There were a number of ballots at conference, most of which were counted after the event, due to staffing and COVID requirements. The Conference directly elects two women onto the Scottish Executive (SEC). The CLP section place was contested by Tricia Duncan and Monique McAdams, with Monique, the incumbent, being successful. The trade union seat was filled by Lorna Robertson from Unite, also re-elected the SEC.
A Women’s Conference Arrangements Committee has now been elected, initially for a one year term. Anna Dyer, Glasgow Maryhill and Springburn, and CLPD member, contested this election but was unsuccessful.
The incoming Scottish Labour Women’s Committee results were not known until after the Conference and saw a shift towards the right of the Party. The CLP section had eight candidates running for four places. Disappointingly, none of the sitting left members in that section were re-elected. The four new Committee members elected, by a sizeable majority and in a block although without publicly declaring a slate, are Taibah Khan, Elaine McDougall, Louise Roarty, and Kirsteen Sullivan. This has also shifted to a much narrower geographical representation. The affiliate seats were uncontested and are now filled by Cathy Peattie from CWU, Agnes Tolmie from Unite, Eleanor Haggett from Unison, Gwen Wall from LGBT Labour. Other positions on the Committee are still to be confirmed.
Scottish Women’s Conference rules may vary from those for the UK Annual Women’s Conference. For example, each CLP or Women’s Branch may send two delegates and another place for a young woman (under 27) too. This year a number of CLPs took this place up. However, Equalities monitoring has not yet been completed or reported on, so there may still be work to do, where there continues to be under-representation.
Our Women’s Conference will be sending four motions to the Scottish Party spring conference (to be held in Glasgow, 4-6 March), and one motion to the UK Labour Women’s Conference in the Spring. The topic overwhelmingly supported for the UK Women’s Conference is on Violence Against Women and Girls.
The National Labour Women’s Committee is now up and running, and we will be keen to see how the rest of the UK gets on with building up Women’s Branches and strengthening women’s voices across the Party. Following on from some confusion at the 2021 UK Labour women’s Conference over the procedure for taking one motion from Scotland and one from Wales, as in the national rules, I was able to get this clarified at the first meeting of the new National Women’s Committee. These two motions will stand alone, allowing women from Scotland and from Wales to speak to their priorities.
As the current representative from the Scottish Labour Women’s Committee on the UK Labour Women’s Committee, I have also raised issues such as the consideration in the future of hybrid conferences and other measures to increase opportunities for women from rural areas, those with caring responsibilities, and those with lower incomes and from CLPs with little resource. It is agreed that we need to do much more effective equalities monitoring to then address any under-representation.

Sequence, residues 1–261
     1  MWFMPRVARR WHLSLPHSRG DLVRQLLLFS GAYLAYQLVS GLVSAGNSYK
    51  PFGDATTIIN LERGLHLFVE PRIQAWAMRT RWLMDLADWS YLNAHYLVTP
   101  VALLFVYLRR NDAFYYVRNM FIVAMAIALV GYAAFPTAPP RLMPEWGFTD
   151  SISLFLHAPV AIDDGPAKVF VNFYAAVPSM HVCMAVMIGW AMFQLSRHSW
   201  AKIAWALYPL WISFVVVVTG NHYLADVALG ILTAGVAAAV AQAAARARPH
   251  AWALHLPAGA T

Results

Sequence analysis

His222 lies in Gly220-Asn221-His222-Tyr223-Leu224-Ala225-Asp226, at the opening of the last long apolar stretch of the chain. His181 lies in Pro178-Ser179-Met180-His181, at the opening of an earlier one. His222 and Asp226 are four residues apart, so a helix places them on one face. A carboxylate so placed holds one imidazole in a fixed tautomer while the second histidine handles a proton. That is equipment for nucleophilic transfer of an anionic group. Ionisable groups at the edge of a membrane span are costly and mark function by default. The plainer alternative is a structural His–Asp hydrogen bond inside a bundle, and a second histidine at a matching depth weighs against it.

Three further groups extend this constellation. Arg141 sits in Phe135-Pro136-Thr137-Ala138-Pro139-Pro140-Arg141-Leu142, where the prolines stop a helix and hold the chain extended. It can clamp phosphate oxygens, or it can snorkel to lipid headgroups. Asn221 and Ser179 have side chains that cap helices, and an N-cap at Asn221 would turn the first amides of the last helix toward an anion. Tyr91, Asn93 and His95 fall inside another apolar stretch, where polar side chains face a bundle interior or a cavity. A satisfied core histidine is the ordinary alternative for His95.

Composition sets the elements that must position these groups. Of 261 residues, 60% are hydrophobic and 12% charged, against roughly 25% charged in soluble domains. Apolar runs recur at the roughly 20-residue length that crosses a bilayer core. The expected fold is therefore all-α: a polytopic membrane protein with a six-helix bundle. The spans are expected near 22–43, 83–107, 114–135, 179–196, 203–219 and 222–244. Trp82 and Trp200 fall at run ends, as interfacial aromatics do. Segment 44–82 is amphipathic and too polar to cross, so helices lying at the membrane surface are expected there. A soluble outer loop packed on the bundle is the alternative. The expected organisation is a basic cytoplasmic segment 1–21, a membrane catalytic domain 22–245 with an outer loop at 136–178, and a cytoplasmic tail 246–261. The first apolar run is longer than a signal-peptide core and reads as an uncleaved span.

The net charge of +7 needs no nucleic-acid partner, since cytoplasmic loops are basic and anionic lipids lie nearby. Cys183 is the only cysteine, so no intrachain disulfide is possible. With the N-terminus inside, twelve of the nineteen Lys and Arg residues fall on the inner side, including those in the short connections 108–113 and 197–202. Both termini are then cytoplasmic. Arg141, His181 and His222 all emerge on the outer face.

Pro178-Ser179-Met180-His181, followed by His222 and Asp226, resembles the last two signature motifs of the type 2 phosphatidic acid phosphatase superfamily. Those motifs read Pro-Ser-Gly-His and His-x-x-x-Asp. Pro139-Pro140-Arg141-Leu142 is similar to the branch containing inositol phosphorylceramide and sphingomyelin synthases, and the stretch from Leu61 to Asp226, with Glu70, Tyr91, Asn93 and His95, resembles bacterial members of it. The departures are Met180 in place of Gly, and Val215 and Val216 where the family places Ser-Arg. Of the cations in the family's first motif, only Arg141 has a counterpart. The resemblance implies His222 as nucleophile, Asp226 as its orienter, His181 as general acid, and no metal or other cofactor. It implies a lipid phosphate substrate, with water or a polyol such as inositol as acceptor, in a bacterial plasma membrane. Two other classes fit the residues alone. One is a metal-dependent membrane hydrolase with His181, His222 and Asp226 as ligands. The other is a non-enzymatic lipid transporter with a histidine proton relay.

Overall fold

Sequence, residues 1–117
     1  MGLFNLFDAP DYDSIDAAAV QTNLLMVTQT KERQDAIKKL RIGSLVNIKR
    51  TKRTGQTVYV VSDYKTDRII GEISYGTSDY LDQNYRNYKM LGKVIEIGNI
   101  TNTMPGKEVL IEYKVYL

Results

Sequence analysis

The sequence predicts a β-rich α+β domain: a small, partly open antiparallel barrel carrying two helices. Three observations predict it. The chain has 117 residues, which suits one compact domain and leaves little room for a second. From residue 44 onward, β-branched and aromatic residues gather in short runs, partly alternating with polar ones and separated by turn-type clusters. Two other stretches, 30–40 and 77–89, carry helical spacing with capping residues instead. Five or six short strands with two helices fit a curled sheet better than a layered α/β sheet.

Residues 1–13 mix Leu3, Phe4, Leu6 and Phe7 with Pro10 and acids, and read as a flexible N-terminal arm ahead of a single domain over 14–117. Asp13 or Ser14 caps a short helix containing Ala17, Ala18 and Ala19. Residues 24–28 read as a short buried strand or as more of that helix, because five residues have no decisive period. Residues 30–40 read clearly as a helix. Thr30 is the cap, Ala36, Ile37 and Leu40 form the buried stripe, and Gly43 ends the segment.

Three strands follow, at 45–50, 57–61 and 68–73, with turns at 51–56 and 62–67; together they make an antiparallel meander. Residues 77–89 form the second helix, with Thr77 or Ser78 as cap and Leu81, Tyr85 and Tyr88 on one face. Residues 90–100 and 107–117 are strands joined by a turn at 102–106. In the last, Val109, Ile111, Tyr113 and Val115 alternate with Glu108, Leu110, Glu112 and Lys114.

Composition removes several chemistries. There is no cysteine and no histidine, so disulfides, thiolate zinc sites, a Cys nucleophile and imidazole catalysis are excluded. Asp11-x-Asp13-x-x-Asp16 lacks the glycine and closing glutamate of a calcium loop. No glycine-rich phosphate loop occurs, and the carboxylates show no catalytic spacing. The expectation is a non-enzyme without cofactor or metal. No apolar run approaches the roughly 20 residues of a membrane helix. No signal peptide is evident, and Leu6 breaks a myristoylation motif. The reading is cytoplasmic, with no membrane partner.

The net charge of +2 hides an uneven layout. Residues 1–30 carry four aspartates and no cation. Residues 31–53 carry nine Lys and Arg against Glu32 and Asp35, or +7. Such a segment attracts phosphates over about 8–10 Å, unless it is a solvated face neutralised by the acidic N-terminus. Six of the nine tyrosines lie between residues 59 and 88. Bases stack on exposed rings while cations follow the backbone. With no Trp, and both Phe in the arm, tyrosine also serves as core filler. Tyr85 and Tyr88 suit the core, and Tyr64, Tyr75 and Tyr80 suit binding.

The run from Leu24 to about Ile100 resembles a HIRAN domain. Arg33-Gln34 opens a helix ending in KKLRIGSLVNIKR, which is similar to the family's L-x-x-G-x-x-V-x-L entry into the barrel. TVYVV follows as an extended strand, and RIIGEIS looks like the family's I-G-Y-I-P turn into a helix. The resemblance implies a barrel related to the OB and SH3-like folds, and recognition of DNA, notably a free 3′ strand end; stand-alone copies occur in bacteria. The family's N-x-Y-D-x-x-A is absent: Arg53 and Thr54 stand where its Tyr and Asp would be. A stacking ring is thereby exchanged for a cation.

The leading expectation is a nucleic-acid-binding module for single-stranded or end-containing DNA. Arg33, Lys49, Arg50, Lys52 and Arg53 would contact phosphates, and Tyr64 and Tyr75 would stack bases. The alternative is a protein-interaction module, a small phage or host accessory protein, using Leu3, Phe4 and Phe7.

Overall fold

At the recent meeting of the National Women’s Committee, members confirmed that the criteria for delegates to the 2022 Annual Women’s Conference should be based on the Rules as agreed at Labour’s Annual Conference in September 2021, and as published online. Equalities monitoring has been inadequate at both the 2019 and 2021 Women’s conferences, and more work needs to be done to ensure any positive action measures are effective and appropriate.
The UK Democracy Review placed establishing equality structures high on its priorities. Whilst the progress has been slow, it is good news that BAME structures will now be set up as agreed at Annual Conference. There are serious questions over resources at local, regional and national levels, and members are encouraged to press for the support we need to build accountable and democratic structures at all levels. The UK Women’s Committee has a working group looking at the new Women’s Branches. This met for the first time recently – so if you have any experiences to report, good or bad, please email to email@example.com or contact me direct on firstname.lastname@example.org.
In Scotland we moved more quickly to establish a Women’s Committee, with an active membership and staff support. Some multi-CLP Women’s Forums (now Branches) have been set up, but not without difficulties, including the problem of not having access to the data which would allow direct contact with women members in the relevant area.
The National Labour Women’s Committee elected in June 2021 is beginning to find its feet but there is much work to do. We are looking forward to meeting with women from across England, Scotland and Wales again in March. Deadlines are tight and motions and rule changes must be submitted by 11 February. The left must be organised if we are to avoid some of the setbacks in elections experienced in Scotland. To keep in touch with the Campaign for Labour Party Democracy Women in the run-up to the Conference please complete the form here.
- Ann Henderson is a Member of Labour’s Scottish Executive Committee, Scottish Labour Women’s Committee and UK National Labour Women’s Committee. You can follow her on twitter here.
- Stay in touch with the the Campaign for Labour Party Democracy Women in the run-up to the Conference here.